Black barbers, reflected a freed slave who barbered in antebellum St. Louis, may have been the only men in their community who enjoyed, at all times, the privilege of free speech. The reason lay in their temporary—but absolute—power over a client. With a flick of the wrist, they could have slit the throats of the white men they shaved. In Knights of the Razor, Douglas Walter Bristol, Jr., explores this extraordinary relationship in the largely untold story of African American barbers, North and South, from the American Revolution to the First World War.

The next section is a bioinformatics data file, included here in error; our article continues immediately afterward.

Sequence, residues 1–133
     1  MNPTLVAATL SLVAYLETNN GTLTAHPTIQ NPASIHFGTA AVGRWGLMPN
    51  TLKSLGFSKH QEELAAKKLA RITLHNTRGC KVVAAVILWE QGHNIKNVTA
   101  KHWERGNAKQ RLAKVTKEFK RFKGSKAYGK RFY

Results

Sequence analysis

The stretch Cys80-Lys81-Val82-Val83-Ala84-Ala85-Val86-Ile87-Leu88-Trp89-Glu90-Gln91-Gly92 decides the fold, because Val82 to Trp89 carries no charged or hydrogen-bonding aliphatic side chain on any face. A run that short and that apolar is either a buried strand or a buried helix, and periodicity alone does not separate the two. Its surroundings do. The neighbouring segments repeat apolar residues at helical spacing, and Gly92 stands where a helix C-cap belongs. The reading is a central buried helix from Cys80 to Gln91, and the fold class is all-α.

In addition to establishing the modern-day barbershop, these barbers used their skilled trade to navigate the many pitfalls that racism created for ambitious black men. Successful barbers assumed leadership roles in their localities, helping to form a black middle class despite pervasive racial segregation. They advocated economic independence from whites and founded insurance companies that became some of the largest black-owned corporations.
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